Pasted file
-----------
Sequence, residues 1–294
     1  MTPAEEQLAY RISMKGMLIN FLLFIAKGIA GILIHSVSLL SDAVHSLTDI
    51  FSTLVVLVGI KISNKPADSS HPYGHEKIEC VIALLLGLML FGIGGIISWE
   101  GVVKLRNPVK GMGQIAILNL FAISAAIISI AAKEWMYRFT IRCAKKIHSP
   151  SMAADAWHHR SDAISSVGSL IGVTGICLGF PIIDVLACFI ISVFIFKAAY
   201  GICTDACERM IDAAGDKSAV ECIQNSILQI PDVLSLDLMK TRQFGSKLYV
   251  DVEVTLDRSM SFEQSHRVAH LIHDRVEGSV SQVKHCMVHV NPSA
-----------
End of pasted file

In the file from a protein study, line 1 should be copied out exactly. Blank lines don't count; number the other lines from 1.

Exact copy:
Sequence, residues 1–294